The control of anchorage-dependent cell behavior within a hydrogel/microcarrier system in an osteogenic model
The use of injectable hydrogels for tissue engineering purposes such as bone regeneration has been hampered by the mass depletion of cells after encapsulation, due to the lack of a proper interface between hydrogel matrices and osteo-progenitor cells. Efforts to graft bioactive molecules as cell attachment moieties have achieved limited success. In this study, we devised a solution to promote cellular focal adhesion within hydrogels, and elicit the mechanism behind cellular survival/death therein. We found that the fulfillment of ligation between cellular integrins and extracellular ligands, instead of the expression of integrins per se, is essential to avoid apoptosis in gel-encapsulated anchorage-dependent cells (ADCs). Absence of such ligation brought about mass cell death in our osteogenic model with osteoblasts (as representative of ADCs) and failure of osteogenic commitment of mesenchymal stem cells (as representative of anchorage-dependent progenitors). We have designed a gel-based composite system that works as a suspension of injectable cell-laden microcarriers in hydrogel, as compared to the conventional cell-suspended hydrogels. Injectable microscopic anchors (microcarriers) not only provide platforms for cellular focal adhesion but also facilitate the cells to overcome gel enlacement and fully spread out into their natural morphology. Further in vitro and in vivo osteogenic investigations show the composites to be a competent potential injectable vehicle for the conveyance of ADCs and regenerations of bone and other tissues.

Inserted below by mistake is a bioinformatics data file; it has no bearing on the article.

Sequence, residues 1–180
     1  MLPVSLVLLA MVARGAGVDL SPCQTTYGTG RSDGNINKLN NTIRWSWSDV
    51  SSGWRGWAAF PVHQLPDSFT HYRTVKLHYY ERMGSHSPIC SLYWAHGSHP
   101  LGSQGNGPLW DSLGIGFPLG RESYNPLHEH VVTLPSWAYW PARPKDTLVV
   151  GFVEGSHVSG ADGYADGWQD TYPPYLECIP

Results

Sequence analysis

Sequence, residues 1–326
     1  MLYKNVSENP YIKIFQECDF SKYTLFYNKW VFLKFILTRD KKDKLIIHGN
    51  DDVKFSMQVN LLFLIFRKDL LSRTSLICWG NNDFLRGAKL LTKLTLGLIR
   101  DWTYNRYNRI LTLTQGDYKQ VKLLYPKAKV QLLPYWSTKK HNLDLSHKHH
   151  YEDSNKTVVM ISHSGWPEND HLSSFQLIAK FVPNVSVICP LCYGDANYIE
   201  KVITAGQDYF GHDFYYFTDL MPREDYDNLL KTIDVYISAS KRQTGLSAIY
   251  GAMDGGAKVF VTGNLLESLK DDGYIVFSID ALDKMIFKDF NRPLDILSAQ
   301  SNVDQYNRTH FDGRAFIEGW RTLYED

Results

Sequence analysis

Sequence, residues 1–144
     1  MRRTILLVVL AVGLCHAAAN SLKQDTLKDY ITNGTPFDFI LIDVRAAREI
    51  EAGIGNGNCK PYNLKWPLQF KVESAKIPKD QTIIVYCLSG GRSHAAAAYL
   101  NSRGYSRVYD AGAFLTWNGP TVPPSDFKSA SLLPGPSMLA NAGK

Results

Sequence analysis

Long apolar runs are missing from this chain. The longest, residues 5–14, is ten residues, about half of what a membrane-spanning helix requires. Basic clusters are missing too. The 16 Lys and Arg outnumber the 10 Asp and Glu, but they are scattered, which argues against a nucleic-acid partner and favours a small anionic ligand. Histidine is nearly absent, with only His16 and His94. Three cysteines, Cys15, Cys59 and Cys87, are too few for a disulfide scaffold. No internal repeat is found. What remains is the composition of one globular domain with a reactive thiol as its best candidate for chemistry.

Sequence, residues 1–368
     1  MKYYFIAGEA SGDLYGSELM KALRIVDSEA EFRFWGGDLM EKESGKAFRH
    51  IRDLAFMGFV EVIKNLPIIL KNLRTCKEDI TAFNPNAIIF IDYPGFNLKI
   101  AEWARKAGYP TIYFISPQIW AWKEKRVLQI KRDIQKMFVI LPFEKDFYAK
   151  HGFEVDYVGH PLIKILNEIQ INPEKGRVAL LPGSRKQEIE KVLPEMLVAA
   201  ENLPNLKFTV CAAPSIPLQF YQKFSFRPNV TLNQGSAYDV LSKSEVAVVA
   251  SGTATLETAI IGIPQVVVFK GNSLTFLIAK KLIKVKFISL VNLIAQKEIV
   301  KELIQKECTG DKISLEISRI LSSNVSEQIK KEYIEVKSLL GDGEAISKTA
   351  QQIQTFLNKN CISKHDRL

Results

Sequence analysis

Journal: Biomaterials - Volume 30, Issue 12, April 2009, Pages 2259–2269